Since its inception, the Jimmy McDonough Foundation has helped countless people in our community. From rides to appointments to financial assistance to family outings, the Foundation supports families through their cancer journey. Family members serve on the Foundation’s board, and their single fundraiser is a golf outing held every May at Mahopac Golf Club. “One hundred percent of our fundraising proceeds go to funding our services,” says Suzi.
An additional fundraiser was held last year at FDR Park in Yorktown, a 5K Run that involved Club Fit’s Jason Needle, who is also battling cancer. “Jason is so like Jimmy with his positive attitude, and he is such an inspiration,” says Suzi. “His enthusiasm during the 5K event reminded me of Jimmy’s optimism throughout our family’s ordeal.”
Suzi has kept herself busy in the years since Jimmy’s passing, not only with the Foundation, but as Town Councilwoman in Carmel. She also works for the State Senate, and enjoys spending time with her five now-grown children. “I have a choice,” says Suzi. “I can wilt away or look ahead.”
But the Jimmy McDonough Foundation is clearly her priority. “Through the work we do, Jimmy’s legacy will live on,” says Suzi. And Club Fit Jefferson Valley is jumping on the bandwagon, donating all proceeds raised at the club’s Open House on January 31 to the Foundation. With a $50 donation, attendees received raffle tickets for prizes including massages, tennis lessons, a week of summer camp, a big screen TV, etc. A win-win for everyone! If you couldn’t make it and would like to help Suzi and her family make a difference in the lives of cancer patients in your community, you can mail your donation to The Jimmy McDonough Foundation, 72 Lockwood Lane, Mahopac, NY 10541, and know that you helped brighten someone’s day!
June is a month for celebrations! Happy Father’s Day all to of our dads and grandfathers, and congratulations to all of our recent and upcoming graduates!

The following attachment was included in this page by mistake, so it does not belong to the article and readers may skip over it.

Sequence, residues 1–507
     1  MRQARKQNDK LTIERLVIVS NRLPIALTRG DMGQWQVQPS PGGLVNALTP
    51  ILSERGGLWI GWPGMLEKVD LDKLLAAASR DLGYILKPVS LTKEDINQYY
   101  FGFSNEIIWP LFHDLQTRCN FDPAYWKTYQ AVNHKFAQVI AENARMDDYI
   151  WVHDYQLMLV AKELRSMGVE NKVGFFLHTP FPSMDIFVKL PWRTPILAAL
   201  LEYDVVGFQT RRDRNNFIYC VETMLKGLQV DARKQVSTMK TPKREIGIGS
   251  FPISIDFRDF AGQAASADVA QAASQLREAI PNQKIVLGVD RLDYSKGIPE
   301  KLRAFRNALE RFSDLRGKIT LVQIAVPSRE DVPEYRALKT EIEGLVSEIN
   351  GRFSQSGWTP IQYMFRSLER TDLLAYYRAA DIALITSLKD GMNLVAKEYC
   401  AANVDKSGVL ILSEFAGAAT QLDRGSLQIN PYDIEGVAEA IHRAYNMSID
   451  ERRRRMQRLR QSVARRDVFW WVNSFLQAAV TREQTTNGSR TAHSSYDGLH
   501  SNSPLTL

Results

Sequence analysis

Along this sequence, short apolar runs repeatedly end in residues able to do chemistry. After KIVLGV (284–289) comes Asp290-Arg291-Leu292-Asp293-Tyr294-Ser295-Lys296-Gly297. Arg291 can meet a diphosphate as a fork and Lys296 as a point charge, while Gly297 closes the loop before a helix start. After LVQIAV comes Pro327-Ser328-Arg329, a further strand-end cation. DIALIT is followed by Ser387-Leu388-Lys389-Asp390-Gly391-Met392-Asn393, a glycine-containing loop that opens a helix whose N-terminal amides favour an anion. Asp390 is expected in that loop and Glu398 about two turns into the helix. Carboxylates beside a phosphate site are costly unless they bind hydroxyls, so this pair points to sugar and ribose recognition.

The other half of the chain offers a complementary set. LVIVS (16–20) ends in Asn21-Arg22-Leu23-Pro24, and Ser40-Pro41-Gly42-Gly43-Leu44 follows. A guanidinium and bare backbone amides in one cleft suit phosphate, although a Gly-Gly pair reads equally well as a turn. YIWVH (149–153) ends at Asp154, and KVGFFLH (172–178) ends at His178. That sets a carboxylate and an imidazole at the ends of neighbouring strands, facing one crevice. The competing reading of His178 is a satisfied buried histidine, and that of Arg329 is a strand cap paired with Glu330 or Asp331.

I’d also like to congratulate the winner of our recent “So You Think You Can Choreograph” competition, Carla Sams, and runners up Maureen Milazzo and Ellen DeGrazia! Each contestant choreographed a dance to their favorite song and presented it to our panel of judges. Carla’s routine will be used in an upcoming Dance*ol*ogy session. We also raised more than $3000 for the National Stroke Association. Congratulations to all!
As a give back to our membership, we would like to invite the first 40 members to sign up for an evening of Italian cooking! Come and taste the dishes prepared by Executive Chef Nazareno Daniele from Trattoria 632. Join us on June 11th for a four-course tasting in the Café, starting at 6pm. Reservations are necessary by emailing firstname.lastname@example.org.
Join us at our opening Friday Lunchtime BBQ starting on June 13th, and every Friday through the summer (weather permitting). Enjoy either a burger or hot dog, chips and a bottle of water — all for $5! This month you can also cast your vote for your favorite Club Fit Smoothie, with the winning smoothie offered at a 20% discount during the month of July.
The beautiful weather is a great excuse to take advantage of our Hiking Club. Get more information on the schedule and to read about our experienced hike leaders, Peter Meskin and Andrew Stein. The Hiking Club is open to both members and non-members, so bring a friend!
A big thank you goes out to our maintenance team, for a seamless and expedient “bubble down” process, yet again. As you know, we’ll be replacing the bubble with a new structure in the fall, and thought that in our efforts to “Go Green” these past few years, we would recycle the old material by cutting it into individual tarps and offering them to our members. We have 10′ x 10′ tarps available (size approximate) — if anyone is interested in taking some of the free tarps made from our old bubble please send an email to email@example.com by Saturday, June 7th to arrange for pick up.
Parents, a reminder that Summer Camp begins June 30th, and registration is ongoing. I hope to see the whole family at the club!
Don’t be left out of the water this summer! We offer swim lessons for all ages and all levels. Learn more about our Aquatics programs or register online . For more info, call Aquatics Director Patrick Montgomery at ext. 1140 or email firstname.lastname@example.org.
Looking for a high intensity workout to improve your overall athleticism this summer? Look no further — Parisi is here to help with instructional classes on Mondays and Thursdays, and open times on Wednesdays. Call 914-245-6993 or email email@example.com for more info.
To Keep You Inspired . . . Club Fit Member and Cancer Warrior Diana Pernicano